HomeEuropeLiz Truss rules out spending cuts amid UK market turmoil

Liz Truss rules out spending cuts amid UK market turmoil

LONDON — Liz Truss has ruled out cutting public spending to balance the books and finance the tax cuts announced in her controversial mini-budget.

Amid fresh turmoil in U.K. markets, which have been spooked since Truss’ government unveiled an unfunded pledge to cut taxes, the prime minister said on Wednesday that she was “absolutely” not planning any spending reductions.

She was responding to Labour leader Keir Starmer during a session of prime minister’s questions in the House of Commons.

Starmer pointed out that during her campaign to become Conservative Party leader, Truss had said she was “not planning public spending reductions.”

Asked whether that was still her plan, she replied: “Absolutely … We are spending almost £1 trillion of public spending. We were spending £700 billion back in 2010.”

“What we will make sure is that over the medium term the debt is falling. But we will do that not by cutting public spending but by making sure we spend public money well.”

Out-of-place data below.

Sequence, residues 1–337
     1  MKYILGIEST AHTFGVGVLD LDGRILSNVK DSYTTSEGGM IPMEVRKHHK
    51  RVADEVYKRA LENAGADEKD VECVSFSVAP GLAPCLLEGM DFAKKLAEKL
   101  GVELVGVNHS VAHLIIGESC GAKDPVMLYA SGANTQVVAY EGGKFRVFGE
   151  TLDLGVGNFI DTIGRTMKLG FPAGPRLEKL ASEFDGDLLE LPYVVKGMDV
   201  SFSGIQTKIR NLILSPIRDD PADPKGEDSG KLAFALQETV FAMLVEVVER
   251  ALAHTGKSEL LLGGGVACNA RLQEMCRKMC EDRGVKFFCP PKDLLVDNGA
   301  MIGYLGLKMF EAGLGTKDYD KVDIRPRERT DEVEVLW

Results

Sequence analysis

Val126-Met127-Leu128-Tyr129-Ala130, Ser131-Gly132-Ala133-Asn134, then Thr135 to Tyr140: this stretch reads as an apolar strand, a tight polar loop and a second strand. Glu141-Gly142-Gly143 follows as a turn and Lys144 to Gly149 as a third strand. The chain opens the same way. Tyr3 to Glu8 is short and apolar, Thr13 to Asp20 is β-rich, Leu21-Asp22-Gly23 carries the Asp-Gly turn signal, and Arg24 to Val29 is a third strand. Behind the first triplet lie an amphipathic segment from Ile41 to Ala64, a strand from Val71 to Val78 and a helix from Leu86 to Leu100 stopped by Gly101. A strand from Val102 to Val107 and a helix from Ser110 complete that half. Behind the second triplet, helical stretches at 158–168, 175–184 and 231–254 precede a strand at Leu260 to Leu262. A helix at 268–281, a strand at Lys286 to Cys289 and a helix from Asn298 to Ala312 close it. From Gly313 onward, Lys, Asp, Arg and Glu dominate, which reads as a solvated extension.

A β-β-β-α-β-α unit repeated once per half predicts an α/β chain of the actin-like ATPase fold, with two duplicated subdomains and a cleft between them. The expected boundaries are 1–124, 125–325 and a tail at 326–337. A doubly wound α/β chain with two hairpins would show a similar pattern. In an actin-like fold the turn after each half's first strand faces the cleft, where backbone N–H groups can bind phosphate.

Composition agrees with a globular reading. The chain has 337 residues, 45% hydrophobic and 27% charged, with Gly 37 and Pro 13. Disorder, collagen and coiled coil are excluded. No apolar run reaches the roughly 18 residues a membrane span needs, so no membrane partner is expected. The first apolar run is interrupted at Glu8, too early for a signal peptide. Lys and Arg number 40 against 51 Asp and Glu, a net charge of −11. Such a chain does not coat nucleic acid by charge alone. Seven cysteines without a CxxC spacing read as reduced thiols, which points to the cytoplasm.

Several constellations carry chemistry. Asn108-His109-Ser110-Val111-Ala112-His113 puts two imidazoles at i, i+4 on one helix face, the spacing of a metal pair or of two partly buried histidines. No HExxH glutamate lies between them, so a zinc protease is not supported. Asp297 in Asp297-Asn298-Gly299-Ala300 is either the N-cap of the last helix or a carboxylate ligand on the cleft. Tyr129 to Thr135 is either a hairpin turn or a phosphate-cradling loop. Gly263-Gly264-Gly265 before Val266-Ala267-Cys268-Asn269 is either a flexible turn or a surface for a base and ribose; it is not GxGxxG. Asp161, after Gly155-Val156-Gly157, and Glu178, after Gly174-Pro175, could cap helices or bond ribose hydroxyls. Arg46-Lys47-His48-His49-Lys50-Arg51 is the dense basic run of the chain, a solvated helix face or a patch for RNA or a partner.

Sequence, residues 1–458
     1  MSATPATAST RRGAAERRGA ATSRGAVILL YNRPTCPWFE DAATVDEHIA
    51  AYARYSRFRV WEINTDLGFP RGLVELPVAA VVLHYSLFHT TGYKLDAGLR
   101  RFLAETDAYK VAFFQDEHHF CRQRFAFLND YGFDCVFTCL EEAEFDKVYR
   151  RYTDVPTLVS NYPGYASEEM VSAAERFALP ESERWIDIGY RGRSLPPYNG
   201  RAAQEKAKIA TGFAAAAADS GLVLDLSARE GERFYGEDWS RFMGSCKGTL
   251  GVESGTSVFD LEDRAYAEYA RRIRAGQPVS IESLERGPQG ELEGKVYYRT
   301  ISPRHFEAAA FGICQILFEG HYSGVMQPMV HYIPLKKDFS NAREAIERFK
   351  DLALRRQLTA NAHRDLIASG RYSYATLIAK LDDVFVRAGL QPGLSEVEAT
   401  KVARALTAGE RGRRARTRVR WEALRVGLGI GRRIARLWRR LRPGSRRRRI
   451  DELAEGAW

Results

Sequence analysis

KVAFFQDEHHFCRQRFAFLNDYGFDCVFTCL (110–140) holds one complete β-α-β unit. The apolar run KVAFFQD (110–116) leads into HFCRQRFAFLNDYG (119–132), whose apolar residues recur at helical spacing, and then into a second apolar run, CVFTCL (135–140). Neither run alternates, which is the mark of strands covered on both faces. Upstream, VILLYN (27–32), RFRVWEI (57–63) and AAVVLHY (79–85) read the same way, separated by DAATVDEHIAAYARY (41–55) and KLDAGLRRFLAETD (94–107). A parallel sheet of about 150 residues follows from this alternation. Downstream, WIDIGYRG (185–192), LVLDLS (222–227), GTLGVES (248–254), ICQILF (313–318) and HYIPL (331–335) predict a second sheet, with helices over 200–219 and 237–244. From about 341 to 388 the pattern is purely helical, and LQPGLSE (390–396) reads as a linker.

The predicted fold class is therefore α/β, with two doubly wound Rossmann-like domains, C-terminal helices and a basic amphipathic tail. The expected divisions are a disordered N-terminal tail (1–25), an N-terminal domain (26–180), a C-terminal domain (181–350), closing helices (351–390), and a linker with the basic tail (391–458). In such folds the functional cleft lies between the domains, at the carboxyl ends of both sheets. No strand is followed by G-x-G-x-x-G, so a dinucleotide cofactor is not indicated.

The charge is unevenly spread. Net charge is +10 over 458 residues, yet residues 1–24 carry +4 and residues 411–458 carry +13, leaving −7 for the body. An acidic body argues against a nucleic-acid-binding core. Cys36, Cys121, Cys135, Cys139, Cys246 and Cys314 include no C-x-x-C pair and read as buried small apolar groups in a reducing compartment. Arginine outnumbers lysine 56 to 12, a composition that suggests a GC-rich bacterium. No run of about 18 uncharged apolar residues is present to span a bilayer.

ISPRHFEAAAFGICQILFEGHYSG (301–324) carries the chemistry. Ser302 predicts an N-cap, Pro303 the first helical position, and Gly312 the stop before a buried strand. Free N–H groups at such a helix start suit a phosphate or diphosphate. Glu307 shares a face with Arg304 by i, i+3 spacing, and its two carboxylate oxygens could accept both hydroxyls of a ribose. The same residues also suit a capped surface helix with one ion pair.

The Institute of Fiscal Studies said this week that the government will need to find £62 billion in either spending cuts or tax rises to stop public debt growing.

Truss’ words drew criticism from the TaxPayers’ Alliance, a pressure group which campaigns for lower taxes and has generally been supportive of Truss’ direction of travel. Its political director James Roberts said: “The prime minister is in danger of delivering a half-baked fiscal plan. Government spending has grown wildly over recent years and tax cuts are back on the table, but working taxpayers know there’s no such thing as a free lunch.”

U.K. markets have been roiled since the mini-budget was unveiled last month. The Bank of England had to intervene in the gilt market after Kwasi Kwarteng, the chancellor, announced more than £40 billion of tax cuts without scrutiny from Britain’s fiscal watchdog.

Truss and Kwarteng have since U-turned on their decision to abolish the top rate of income tax and brought forward the planned date for publication now further fiscal forecasts to October 31.

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